When Sport England announced the This Girl Can partnership with parkrun for International Women’s Day 2020, one person in the Yorkshire Sport Foundation office was particularly excited.
In just over 12 months as Programmes and Events Manager for YSF, Emma Binnersley has been at the forefront of organising everything from PE conferences and company away days, to Colour Smash events and School Games festivals for hundreds of school children.
But her first foray into events management came almost four years ago in her previous role for the Forestry Commission at Dalby Forest.
“I knew of a partnership between the forestry commission and North Yorkshire Sport called Active Forests, to encourage people to get active in the forest,” Emma told us, taking on the story.
“It was mentioned in the office that a parkrun might be coming to Dalby Forest so I thought I’d go and see what it was like in York where I live, and I just loved it.
“I went with my mum and neither of us had ever done a parkrun before. I’ve always been sporty but I was really, really nervous in the pit of my stomach. I went with an expectation that everybody would be lycra-clad and that I’d be really intimidated.
“But I got there and there were people of all shapes and sizes. It was really welcoming and not an intimidating atmosphere, but you still got a time, so I had a way to measure myself.
“The buzz that everyone got out of the run, and even the buzz at the start was amazing to be part of.
“It was also really nice to see what my mum got out of it. I’ve always been into sport so it was kind of my natural environment but for my mum, she was just getting into running. She just got the endorphins after the run, and I’ve never seen my mum have that.
“On her way to work she used to see a man running between a couple of the villages where we lived. She saw him at parkrun and mentioned that she’d seen him every day. When he’d finished his run, he came back and found my mum and ran the rest of the course with her until she got to the finish.
“The week after I went to the Forestry Commission and said, ‘We need one here.’
That first parkrun experience for Emma came in September 2015. Despite a lack of experience she put herself forward as Event Director – essentially the person responsible for voluntarily being in charge of any of the hundreds of parkrun events around the world.
As part of getting the Dalby Forest parkrun set up, Emma visited others to see what it involved, and with support from friends and colleagues Martin, Dean and Paddy, they prepared to host their first.
That took place in March 2016 with almost 300 people completing the 5k route in picturesque surroundings. The event will celebrate its fourth anniversary the week after the International Women’s Day event, with an average of 200 people attending weekly and a one-off record of 399 runners.
Emma admits she still gets nervous despite having been run director more than 60 times, but says the friendships she has built in that time are more than worth the worry.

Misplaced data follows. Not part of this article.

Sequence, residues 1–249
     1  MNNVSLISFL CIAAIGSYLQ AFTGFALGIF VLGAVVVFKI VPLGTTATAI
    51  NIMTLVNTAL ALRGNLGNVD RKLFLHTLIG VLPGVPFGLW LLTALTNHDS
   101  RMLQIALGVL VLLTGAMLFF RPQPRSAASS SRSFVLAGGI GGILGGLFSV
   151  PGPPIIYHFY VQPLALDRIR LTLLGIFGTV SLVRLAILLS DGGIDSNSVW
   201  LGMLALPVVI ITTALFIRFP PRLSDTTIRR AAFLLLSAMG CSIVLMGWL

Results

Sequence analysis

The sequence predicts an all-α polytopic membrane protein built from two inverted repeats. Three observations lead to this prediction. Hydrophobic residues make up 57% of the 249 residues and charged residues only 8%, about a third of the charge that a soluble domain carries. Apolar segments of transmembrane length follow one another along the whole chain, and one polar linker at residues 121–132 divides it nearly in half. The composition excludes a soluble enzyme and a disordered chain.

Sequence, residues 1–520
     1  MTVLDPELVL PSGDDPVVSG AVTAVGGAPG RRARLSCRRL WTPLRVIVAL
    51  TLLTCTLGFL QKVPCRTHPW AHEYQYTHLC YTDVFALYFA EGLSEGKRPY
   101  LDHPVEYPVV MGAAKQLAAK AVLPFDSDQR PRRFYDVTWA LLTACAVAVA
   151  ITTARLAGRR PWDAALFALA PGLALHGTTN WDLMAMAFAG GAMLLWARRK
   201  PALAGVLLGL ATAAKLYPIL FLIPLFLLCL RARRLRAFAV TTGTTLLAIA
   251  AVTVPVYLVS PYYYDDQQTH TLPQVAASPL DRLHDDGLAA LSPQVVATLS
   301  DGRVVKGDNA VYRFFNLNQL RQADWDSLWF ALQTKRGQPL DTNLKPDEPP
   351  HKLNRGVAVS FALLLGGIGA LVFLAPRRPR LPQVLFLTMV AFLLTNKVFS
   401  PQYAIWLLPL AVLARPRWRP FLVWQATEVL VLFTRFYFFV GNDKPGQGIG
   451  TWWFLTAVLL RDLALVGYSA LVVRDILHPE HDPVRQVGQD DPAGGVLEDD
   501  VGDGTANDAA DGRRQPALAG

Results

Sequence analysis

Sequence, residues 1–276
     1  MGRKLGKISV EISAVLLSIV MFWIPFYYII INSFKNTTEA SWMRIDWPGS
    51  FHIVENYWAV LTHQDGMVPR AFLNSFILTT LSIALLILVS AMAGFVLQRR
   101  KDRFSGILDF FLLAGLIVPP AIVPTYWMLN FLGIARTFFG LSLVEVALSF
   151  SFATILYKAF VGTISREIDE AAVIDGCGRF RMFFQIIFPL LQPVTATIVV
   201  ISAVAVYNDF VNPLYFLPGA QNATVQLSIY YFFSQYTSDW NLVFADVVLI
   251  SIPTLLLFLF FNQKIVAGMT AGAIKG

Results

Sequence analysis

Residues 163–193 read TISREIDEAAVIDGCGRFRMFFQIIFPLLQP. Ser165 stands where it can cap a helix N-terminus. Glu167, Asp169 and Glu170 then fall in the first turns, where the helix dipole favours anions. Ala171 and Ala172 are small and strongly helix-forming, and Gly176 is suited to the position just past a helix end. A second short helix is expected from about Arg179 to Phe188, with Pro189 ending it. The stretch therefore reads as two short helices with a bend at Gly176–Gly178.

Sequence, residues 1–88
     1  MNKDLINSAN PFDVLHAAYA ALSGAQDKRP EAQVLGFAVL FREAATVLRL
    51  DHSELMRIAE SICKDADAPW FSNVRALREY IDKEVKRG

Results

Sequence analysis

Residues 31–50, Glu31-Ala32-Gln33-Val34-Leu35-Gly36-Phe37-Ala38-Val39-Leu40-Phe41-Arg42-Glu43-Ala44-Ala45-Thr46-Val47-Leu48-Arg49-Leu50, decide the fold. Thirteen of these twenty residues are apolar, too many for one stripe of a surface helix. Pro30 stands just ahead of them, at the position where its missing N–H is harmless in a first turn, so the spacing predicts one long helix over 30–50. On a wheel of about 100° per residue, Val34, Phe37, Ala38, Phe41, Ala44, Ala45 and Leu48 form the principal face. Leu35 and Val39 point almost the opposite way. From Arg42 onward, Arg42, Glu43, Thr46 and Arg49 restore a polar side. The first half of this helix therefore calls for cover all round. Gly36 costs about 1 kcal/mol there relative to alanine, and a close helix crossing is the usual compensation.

“I’ve known some of these people’s journeys over four years and I’m good friends with a lot of them now. I know what’s happening in their personal lives and what they’re going through. I see them there on a Saturday and it’s their time, it’s their escape.
“One of the ladies has three kids and has the hectic life that comes with it. But for that half-hour every Saturday she’s there doing it for herself and no-one else, which is really nice.
“I also have a friend there who lost her husband almost a year ago. It was understandably hard for her initially, but she comes regularly now. Her husband used to volunteer at the event, and it must be bittersweet to be there sometimes.
“It’s just really nice to see how she can do that event and it be her way to remember him.”
As something of a parkrun veteran, Emma is well placed to give advice to any women considering taking part in their first event this weekend.
“It doesn’t matter if you run a 20-minute 5k, or an hour-and-a-half 5k, everyone is nervous about their first parkrun,” she says.
“Whether that’s a tiny bit nervous eating your breakfast or not being able to sleep the night before. It’s totally normal.
“It’s easy to say, but don’t overthink it. Get through those doubts. If you’re so nervous that you’re avoiding doing it, just go and watch. Go down and walk around the park at 9am and see what it is all about. All you have to do is see a parkrun to know that it’s not scary.
“If you’re a chatty person then just start talking to people, because people will talk back and make you feel so much less nervous about it.
“All parkruns are active on Facebook as well so message them and there are no silly questions. If you don’t know what the process is or even what shoes to wear, get in touch and they’ll help you out.”
And the best thing about parkrun?
“The people,” says Emma without a seconds hesitation.
“Through parkrun I’ve realised that age just doesn’t matter. You just start connecting with so many people that you probably wouldn’t if you just went about your normal life. If it’s this weekend or a weekend in the future, just go for it. I promise you that you won’t regret it.”
To find your local parkrun, go to https://www.parkrun.org.uk/iwdparkrun/